Entertainment Weekly


Stay Connected


Advertise With Us

Learn More

Skip to content


Brother, I'm Dying

Posted on

Brother, I'm Dying

Current Status:
In Season
Edwidge Danticat
Memoir, Nonfiction

We gave it a B+

”I found out I was pregnant the same day that my father’s rapid weight loss and chronic shortness of breath were positively diagnosed as end-stage pulmonary fibrosis,” begins Haitian-American novelist Edwidge Danticat in Brother, I’m Dying, her delicate and thoughtful memoir of family and grief. The year was 2004, and Danticat found herself in the awkward position of looking ”forward and back, in both celebration and despair.”

Danticat’s account of her stoic immigrant father’s decline — even as he gasped for breath he said his health was ”not so bad” — brims with tenderness. So, too, does her tribute to her uncle Joseph, a charismatic preacher who raised her in Haiti for almost a decade after her parents emigrated from the island in the 1970s. (Danticat rejoined her family in Brooklyn when she was 12.)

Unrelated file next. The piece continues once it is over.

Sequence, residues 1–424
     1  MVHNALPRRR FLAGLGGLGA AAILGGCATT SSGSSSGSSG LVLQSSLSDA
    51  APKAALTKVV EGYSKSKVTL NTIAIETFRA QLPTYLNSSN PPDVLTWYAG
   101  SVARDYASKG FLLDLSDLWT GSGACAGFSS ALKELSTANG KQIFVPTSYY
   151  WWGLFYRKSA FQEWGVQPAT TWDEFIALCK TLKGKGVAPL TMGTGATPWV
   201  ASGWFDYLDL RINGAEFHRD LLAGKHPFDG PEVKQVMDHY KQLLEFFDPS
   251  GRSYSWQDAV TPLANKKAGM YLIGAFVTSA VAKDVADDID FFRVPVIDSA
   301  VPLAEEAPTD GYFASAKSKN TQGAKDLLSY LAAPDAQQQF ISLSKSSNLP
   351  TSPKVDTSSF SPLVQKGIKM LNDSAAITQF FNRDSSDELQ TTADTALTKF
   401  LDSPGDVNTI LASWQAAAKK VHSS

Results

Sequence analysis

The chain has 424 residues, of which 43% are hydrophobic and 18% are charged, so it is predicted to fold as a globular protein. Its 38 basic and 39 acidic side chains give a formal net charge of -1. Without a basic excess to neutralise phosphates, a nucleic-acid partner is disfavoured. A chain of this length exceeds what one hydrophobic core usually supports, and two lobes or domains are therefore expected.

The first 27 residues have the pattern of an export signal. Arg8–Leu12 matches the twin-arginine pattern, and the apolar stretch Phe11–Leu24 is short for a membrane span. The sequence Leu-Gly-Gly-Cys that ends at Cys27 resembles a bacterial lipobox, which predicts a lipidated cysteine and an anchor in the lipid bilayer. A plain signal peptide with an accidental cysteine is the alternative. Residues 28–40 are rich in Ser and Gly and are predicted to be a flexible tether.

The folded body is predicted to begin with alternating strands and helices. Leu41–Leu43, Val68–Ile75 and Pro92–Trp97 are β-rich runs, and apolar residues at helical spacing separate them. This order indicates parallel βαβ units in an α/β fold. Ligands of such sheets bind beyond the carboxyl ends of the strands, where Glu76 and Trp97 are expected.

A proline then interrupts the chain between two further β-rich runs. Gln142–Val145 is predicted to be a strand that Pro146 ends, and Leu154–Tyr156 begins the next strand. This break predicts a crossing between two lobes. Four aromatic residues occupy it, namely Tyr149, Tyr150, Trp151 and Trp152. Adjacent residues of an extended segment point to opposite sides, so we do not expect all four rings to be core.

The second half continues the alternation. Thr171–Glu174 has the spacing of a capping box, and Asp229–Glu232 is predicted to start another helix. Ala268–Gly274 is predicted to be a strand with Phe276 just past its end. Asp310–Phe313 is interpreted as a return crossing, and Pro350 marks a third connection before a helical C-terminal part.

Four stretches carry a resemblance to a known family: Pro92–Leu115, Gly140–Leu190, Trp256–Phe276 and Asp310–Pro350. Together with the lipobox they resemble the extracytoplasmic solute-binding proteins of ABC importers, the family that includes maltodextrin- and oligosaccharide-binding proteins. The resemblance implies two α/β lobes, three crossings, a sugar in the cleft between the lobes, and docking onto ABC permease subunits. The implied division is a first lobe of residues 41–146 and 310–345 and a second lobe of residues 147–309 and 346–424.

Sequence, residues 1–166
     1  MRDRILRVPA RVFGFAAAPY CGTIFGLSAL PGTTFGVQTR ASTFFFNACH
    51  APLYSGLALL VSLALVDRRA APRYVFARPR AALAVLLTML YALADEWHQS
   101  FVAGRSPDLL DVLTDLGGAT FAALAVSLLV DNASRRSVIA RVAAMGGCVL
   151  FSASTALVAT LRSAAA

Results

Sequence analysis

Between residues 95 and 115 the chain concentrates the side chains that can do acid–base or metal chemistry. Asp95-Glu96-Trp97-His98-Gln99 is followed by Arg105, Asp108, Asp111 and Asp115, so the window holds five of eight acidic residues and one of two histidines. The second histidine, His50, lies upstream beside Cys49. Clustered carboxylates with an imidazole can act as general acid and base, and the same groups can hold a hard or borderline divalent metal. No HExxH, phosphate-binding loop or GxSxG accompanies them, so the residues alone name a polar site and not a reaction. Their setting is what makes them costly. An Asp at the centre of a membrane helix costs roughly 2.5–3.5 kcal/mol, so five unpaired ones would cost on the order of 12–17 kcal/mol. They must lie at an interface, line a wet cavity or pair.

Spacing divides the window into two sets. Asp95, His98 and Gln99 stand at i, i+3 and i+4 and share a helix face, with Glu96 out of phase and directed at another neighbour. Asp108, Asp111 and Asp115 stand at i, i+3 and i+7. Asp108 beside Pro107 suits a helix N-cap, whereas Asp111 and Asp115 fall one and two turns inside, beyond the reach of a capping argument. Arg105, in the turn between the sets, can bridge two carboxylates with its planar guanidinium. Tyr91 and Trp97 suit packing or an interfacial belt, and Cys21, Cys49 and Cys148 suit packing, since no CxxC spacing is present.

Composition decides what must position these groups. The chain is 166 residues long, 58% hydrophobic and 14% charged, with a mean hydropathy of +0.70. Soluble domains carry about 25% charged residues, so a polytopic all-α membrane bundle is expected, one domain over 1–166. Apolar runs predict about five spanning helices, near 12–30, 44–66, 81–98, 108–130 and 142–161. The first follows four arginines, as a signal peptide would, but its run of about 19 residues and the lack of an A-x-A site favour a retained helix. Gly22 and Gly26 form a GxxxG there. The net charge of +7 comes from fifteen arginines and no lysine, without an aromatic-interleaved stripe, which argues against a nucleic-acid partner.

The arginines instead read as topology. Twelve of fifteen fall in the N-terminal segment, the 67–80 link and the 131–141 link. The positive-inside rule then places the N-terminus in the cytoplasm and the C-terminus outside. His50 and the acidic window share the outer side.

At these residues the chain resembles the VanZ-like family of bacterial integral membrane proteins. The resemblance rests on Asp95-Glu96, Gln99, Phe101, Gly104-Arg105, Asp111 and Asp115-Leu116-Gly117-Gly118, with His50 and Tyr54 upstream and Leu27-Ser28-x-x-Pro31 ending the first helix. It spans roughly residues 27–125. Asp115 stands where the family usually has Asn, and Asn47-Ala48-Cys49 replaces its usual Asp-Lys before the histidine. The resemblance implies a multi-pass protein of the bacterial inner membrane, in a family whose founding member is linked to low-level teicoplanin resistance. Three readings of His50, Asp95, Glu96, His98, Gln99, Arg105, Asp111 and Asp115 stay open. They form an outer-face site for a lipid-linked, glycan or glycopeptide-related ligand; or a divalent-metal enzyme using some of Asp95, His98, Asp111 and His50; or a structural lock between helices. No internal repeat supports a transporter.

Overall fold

As her elderly father weakened, political turmoil forced Joseph, now a frail octogenarian, to flee Haiti himself. His harrowing attempt to find sanctuary in the U.S. makes a stand-alone horror story, and adds unexpected drama and tragedy to the book’s final chapters. Danticat’s memoir lacks the verbal precision and intense focus of the best books about loss, like Joan Didion’s peerless The Year of Magical Thinking. But she offers here one more invaluable portrait of how people love, and struggle to let go, with grace. B+